Donors’ Money Misused: Are World Bank/NGOs Responsible?


By J. Yanqui Zaza 


The Perspective
Atlanta, Georgia
November 7, 2015

                  



 
 
 
 

 

                                                                     

Every country holds the theory that collecting taxes (USA), borrowing money (Ghana), sharing profits of natural resources (China), or receiving donors’ money (Liberia) is the democratic process of acquiring resources to finance expenditure-funding security, funding education, funding infrastructure, etc. And, if a government is to secure adequate money for these programs, then, even an official or aspirant, “whose heart is swollen with love for his country,” must not only pay attention, but should also become vigilant to obtain and, or protect, for example, philanthropists’ money donated to make up the shortfalls in governments’ revenue.

It is necessary to protect donations because those self-proclaimed honest, transparent, or professionals called non-governmental agencies (NGOs) who spend philanthropists’ money are not accountable to the voters. Also, some NGOs do view donations as an employment opportunity or cash cows. Further, I surmise that the interest of the World Bank to earn profits from lending money makes it difficult for the Bank to encourage a success story of NGOs projects.

These factors and others have and continue to increase the number of victims, who are in need of donations. One of those communities is Peshawar of Pakistan. A $300 million law suit in Pakistan is filed against an NGO called Academy for Educational Development, reported in the NY Times, 9/15/15. The reporter indicated that this $300 million lawsuit is an example of many other cases, explaining why Pakistan has not benefited from the $7.5 billion donated by the US Congress for nonmilitary assistance.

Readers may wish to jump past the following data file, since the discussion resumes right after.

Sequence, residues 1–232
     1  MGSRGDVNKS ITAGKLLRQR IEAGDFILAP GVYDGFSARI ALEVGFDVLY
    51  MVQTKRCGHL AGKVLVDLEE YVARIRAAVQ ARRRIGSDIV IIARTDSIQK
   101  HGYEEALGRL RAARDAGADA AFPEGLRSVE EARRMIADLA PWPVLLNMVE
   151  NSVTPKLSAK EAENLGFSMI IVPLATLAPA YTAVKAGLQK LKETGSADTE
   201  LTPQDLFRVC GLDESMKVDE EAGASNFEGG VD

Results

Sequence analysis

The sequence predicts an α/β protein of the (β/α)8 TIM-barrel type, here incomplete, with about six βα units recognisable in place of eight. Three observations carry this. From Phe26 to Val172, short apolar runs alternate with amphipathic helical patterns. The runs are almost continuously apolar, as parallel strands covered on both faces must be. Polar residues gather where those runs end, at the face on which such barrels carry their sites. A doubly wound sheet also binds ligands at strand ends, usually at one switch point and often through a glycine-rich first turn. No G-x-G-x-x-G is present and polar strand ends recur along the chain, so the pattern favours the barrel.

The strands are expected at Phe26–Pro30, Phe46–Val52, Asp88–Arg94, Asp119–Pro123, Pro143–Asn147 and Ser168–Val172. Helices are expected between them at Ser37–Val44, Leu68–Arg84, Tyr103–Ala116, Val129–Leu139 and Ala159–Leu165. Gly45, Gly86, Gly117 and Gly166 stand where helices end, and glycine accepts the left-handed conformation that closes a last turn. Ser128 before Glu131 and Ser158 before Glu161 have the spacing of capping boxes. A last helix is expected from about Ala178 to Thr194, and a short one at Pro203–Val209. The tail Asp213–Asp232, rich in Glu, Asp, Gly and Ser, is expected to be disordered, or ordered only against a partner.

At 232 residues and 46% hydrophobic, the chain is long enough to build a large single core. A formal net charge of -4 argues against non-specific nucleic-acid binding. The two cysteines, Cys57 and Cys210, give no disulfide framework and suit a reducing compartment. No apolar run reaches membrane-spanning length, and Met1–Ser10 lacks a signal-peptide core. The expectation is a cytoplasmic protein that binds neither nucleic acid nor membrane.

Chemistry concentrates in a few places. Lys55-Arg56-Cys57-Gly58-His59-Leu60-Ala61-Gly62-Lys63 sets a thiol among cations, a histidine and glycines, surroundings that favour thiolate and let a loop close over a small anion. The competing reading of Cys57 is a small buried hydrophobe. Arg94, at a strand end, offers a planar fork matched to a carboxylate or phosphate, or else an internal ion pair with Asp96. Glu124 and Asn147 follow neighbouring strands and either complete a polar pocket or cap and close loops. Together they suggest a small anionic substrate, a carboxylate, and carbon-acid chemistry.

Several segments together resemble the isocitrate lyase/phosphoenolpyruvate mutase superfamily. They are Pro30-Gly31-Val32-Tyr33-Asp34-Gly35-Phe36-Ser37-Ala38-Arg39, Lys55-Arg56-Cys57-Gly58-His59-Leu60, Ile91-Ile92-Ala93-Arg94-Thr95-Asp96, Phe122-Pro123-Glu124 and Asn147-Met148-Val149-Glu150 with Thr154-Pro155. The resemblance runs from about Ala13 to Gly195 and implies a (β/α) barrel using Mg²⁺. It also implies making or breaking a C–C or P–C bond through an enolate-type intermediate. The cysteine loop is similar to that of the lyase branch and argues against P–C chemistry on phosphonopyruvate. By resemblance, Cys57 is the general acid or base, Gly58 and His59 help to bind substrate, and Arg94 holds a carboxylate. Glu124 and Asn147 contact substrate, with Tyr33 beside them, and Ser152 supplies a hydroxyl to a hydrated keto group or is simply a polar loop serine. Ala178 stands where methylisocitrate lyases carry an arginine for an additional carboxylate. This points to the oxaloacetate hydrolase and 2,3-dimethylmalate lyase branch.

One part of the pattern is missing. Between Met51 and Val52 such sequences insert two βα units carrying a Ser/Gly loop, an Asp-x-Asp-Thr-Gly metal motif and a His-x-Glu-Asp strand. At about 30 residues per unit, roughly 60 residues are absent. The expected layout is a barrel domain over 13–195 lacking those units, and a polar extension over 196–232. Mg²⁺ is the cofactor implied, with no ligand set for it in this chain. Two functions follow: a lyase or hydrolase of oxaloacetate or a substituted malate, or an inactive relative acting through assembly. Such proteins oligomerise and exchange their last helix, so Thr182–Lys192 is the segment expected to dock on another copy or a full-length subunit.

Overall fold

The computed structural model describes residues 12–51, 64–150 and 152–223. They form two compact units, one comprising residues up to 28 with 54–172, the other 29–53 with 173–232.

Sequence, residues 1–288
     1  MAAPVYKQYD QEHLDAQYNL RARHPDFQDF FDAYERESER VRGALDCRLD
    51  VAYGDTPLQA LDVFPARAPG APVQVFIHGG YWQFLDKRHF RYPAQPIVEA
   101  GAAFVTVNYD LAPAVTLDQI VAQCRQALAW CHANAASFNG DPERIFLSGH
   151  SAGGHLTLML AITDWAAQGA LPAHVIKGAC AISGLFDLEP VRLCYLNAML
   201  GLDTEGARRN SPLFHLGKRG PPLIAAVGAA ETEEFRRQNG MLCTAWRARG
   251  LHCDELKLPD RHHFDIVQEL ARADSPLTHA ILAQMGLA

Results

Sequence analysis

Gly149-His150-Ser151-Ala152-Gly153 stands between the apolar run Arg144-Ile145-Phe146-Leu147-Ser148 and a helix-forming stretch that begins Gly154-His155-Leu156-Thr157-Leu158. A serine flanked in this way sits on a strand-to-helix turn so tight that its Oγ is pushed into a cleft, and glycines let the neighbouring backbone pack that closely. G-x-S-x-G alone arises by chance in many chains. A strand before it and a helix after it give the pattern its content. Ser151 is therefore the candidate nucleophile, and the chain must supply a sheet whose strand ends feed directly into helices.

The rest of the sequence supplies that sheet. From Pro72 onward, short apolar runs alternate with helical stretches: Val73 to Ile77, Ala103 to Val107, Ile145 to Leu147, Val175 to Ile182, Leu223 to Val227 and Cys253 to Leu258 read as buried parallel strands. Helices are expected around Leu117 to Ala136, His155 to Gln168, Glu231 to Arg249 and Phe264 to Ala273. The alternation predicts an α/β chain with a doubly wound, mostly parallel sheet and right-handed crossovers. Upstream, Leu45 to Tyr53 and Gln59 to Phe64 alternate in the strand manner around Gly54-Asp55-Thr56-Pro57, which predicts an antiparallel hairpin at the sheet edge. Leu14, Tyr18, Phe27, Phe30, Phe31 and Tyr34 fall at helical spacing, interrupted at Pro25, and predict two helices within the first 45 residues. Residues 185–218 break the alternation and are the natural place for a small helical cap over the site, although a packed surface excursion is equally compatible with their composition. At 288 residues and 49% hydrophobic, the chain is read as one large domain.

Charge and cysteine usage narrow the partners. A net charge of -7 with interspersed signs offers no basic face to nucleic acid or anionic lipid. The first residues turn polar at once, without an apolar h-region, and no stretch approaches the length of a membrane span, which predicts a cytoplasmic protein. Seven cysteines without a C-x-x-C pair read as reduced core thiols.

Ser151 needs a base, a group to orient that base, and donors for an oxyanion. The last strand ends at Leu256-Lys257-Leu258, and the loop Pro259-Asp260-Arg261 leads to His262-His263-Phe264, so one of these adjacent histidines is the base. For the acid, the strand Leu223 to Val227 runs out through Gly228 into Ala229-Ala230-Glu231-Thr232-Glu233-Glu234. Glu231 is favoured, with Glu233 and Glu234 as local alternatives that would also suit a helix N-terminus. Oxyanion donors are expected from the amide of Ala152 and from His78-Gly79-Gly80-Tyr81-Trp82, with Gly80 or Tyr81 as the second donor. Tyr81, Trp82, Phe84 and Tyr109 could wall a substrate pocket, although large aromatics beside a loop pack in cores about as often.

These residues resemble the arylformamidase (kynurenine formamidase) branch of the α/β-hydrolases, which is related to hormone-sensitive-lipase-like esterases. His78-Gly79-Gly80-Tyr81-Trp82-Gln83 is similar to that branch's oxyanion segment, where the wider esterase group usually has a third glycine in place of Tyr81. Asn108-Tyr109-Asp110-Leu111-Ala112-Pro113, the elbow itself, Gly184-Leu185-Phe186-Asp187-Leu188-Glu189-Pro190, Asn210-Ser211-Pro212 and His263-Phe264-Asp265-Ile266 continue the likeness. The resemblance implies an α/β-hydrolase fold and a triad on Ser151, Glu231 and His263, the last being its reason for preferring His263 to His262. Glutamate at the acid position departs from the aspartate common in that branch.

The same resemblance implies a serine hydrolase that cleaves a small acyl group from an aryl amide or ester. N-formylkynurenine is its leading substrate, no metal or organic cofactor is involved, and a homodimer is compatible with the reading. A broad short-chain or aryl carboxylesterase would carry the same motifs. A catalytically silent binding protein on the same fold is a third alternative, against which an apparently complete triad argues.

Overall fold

Also, another NY Times reported that NGOs did misuse a significant portion of the $5.4 billion donated to Haiti after an earthquake destroyed infrastructure, etc. Interestingly, the management of the Haiti Relief Commission was under the Commission headed by William Jefferson Clinton, former President of the United States. In Liberia, the stories of NGOs squandering development grants are countless. And Dr. Abdoulaye W. Dukule, commenting on whether Liberia would benefit from the $520 million dollar pledged for Liberia stated that Liberia would receive about $100 million out of the $520 million. This is because public studies do show that only 20% of donated funds impact the intended target. (www.theperspective.org, March 4, 2004).

Dr. Dukule was not alone in pointing out how contractors/NGOs misuse donations for poor countries. Mr. Clair MacDougall of America Aljazeera quoting a 2010 study of the $200 million (part of the $520 million pledged for Liberia) awarded to DynCorp to train 2,000 Liberian soldiers stated this: “…DynCorp’s military training program failed to train the Liberians in “basic infantry skills, such as the proper use of security patrols, noise and light discipline” and other techniques…DynCorp purchased the wrong types of equipment and spent too much on subcontractors’ salaries, at the expense of training on international law and other programs…” (www.America.aljazeera.com)